Submission from the Federation of Small
FSB RESPONSE TO
The Federation of Small Businesses (FSB) welcomes
the opportunity to respond to the above named inquiry.
The FSB is the UK's leading non-party political
lobbying group of UK small businesses, existing to promote and
protect the interests of all who own and manage their own businesses.
With over 215,000 members, the FSB is also the largest organisation
representing small and medium sized businesses in the UK.
According to Labour Force Surveys, 69% of all
apprenticeships take place in small businesses. An inherent problem
for businesses with fewer than 10 employees remains the cost to
the business of training an apprentice.
Does the bill meet the Government's policy objectives
to set up a system of "world class" apprenticeships
in the most effective way within a reasonable time frame? Will
the bill lead to a renaissance in apprenticeships?
The FSB feels that the Minimum Wage increase
for Apprentices from £80 to £95 at the Trades Union
Congress Conference was a good first step; however, a true renaissance
will only occur if an Apprentice can achieve parity with their
other working counterparts. The development rate minimum wage
for 16-18 year olds is still higher at £110 for a 35 hour
working week. The FSB believes that this Apprenticeship Bill should
provide the platform for equality so that there is value in taking
and completing an apprenticeship. The FSB advocates a section
in the Bill for an Apprenticeship rate to be set which is on a
par with the Minimum Wage Development rate.
The wage contribution on offer for taking on
an Apprentice is welcome; now the Bill must go one step further
and ensure that Apprenticeships are deemed as an equal learning
route to working life.
What is the cost?
The FSB is concerned of the potential administrative
burden for the smallest employers wishing to claim the wage subsidy
for apprentices. The LSC have confirmed that they have had a significant
under spend on the take-up of wage contribution payments to small
businesses and this is largely due to a lack of awareness of the
policy. There is also the problem of the policy:
"You can choose to claim either £5
per hour or the actual net hourly rate for employees that are
released for direct training with their training provider".
The FSB believes that the words "or actual
wage costs" leads to a bureaucratic process of recouping
the true cost of training that many small business simply do not
have the time to investigate. Clause 21 of the Draft Apprenticeships
Bill should provide duties on the LSC for businesses with fewer
than 50 employees to be able to easily access wage contributions.
A recent FSB Apprenticeships Survey of 1,200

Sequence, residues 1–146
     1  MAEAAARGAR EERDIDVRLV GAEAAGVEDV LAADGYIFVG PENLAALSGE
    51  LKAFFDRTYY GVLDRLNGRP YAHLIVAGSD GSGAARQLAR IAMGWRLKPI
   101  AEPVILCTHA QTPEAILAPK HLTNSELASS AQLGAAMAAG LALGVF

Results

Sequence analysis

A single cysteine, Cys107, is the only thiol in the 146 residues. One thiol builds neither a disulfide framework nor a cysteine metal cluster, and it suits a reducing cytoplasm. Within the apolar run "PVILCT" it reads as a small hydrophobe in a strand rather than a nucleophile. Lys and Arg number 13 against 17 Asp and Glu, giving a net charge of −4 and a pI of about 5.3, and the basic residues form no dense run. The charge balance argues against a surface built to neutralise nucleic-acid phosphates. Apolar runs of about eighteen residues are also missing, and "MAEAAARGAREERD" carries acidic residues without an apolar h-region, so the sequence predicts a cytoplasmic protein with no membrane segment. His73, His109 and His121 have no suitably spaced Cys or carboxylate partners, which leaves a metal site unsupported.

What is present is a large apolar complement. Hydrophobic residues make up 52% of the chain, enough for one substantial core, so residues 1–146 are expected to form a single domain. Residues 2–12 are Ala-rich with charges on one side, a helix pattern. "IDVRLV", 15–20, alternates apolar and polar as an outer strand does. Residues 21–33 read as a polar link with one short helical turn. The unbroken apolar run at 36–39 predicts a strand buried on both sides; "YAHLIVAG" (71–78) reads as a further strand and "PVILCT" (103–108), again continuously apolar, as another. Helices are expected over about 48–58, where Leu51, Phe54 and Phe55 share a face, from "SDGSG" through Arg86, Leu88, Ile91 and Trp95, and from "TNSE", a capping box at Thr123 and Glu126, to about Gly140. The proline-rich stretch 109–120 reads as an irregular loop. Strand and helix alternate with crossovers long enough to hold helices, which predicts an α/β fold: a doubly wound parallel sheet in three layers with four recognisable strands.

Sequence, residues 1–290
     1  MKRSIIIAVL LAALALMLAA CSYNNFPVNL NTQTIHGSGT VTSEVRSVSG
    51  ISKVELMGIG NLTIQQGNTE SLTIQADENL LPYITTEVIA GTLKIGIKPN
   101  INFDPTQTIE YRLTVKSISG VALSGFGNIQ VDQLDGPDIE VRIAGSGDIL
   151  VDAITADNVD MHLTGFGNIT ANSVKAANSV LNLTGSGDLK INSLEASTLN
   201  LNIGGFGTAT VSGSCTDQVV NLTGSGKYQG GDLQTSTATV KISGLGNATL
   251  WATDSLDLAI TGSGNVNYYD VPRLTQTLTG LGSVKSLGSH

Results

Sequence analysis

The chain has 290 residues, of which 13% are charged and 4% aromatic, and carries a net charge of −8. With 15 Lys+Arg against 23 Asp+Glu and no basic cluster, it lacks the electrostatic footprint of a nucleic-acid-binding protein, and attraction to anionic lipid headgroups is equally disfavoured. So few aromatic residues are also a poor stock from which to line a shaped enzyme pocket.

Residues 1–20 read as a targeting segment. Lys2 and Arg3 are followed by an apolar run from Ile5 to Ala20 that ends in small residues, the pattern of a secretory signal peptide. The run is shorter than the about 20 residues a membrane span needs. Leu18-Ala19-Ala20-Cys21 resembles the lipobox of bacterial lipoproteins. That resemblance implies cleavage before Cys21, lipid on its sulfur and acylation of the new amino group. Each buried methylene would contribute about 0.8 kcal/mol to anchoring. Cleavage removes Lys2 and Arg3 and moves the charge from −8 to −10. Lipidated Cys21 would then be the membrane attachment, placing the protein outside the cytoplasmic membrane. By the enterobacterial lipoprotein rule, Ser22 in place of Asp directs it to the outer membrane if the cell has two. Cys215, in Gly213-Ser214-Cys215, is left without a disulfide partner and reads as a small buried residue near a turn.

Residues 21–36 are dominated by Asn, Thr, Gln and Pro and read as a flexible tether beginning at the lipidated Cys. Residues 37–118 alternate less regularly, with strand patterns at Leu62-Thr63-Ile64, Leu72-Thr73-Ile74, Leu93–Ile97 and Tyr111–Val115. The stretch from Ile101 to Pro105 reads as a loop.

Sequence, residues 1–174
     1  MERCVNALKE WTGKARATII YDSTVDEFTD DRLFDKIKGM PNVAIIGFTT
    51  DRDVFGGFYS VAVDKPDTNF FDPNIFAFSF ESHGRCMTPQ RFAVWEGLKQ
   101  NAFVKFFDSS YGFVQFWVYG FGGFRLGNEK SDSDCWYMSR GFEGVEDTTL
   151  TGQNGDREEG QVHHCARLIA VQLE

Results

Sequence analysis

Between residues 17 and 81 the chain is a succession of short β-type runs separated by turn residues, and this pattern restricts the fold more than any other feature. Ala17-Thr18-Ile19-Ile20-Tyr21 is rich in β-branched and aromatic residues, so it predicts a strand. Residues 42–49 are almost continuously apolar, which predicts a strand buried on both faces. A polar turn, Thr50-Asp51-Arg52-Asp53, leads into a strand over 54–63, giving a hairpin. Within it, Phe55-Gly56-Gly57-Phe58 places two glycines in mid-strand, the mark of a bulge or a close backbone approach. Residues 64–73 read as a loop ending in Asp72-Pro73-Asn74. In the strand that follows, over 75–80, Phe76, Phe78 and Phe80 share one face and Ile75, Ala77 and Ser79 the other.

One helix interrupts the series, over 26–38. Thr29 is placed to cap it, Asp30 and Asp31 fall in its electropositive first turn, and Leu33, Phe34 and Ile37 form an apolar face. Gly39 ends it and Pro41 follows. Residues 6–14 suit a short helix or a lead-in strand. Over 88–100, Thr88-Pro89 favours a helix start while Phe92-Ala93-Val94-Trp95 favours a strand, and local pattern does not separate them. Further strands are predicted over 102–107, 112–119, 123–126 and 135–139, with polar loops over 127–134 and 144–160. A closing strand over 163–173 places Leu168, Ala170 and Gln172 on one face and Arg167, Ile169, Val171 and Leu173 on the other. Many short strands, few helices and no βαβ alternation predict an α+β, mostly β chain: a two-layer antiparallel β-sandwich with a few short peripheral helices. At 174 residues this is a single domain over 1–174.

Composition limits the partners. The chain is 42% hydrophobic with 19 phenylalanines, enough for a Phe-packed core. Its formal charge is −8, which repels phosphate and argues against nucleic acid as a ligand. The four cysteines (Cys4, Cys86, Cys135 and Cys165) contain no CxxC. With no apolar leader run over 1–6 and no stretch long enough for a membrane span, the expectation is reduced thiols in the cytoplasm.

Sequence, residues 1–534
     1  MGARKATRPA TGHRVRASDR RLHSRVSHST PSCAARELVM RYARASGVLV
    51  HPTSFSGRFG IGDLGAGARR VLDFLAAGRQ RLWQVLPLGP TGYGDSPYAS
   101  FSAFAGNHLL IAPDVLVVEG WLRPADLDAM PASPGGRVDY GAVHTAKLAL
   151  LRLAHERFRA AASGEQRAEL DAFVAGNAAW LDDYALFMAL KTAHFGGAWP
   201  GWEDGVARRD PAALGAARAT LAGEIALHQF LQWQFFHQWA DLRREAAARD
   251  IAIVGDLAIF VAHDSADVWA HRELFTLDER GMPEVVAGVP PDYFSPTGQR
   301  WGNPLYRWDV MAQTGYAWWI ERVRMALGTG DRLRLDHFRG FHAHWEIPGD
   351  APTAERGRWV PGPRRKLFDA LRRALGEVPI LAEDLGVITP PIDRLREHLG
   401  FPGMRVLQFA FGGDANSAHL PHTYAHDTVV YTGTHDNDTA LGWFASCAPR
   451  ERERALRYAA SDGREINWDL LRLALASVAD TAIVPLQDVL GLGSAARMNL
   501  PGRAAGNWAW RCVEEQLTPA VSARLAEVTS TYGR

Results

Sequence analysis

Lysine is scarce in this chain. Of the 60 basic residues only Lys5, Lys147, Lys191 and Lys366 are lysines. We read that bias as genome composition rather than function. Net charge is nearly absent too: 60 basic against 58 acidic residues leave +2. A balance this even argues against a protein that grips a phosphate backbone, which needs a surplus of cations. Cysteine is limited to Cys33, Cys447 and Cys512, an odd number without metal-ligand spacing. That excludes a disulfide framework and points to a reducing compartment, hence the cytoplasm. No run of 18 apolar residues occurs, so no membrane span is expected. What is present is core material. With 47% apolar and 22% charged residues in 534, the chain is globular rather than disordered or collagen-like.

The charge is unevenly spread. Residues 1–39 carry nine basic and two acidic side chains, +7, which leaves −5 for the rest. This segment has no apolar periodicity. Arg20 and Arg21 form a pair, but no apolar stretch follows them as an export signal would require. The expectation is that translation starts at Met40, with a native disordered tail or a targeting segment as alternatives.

found that only 5% of businesses were aware of the ability to
claim wage contribution payments for providing time for apprentices
Awareness is not the only problem, small businesses
are complaining that the direct payment of wage contribution is
not reaching their business bank accounts until three months after
Government funded trainingthis leads to significant concern
surrounding the cash flows.
The FSB calls on the Government to ensure the
wage contribution policy is better advertised and the payment
procedure is more efficient.
What impact the bill will have on current institutional
Learning and Skills Council
The FSB would like reference made to the fact
that the Learning and Skills Council will be abolished by 2010.
Small businesses need to be made aware of the central funding
body for skills, particularly as this is the institution where
they will be accessing information on wage contribution.
Group Training Associations
The FSB supports Group Training Associations
if they make it simpler for small businesses to employ Apprentices
and removes the burdens of bureaucracy involved in taking on an
apprentice. Removal of the employment risk is welcome, however,
will it mean that the Group Training Association becomes the employer
and if so how will this impact on the rights of the SME and the
Is there anything missing from the draft bill?
The FSB is concerned that the Bill does not
provide detailed information on which age groups are included
within the prospective system. The FSB wholeheartedly supports
lifelong learning and apprenticeships being taken at any age,
however, the Bill needs to provide clarity as to whether it is
simply focussed at 16-18 year olds or whether 19+ are included.
11 LSC-Train to Gain Website- http://readingroom.lsc.gov.uk/lsc/YorkshireandtheHumber/yhr-ttg-wagecont-employerbriefingnote-march2007.pdf Back
FSB Apprenticeships Survey-July 2008. 1,200 respondents http://www.fsb.org.uk/policy/images/apprenticeships%20survey.pdf Back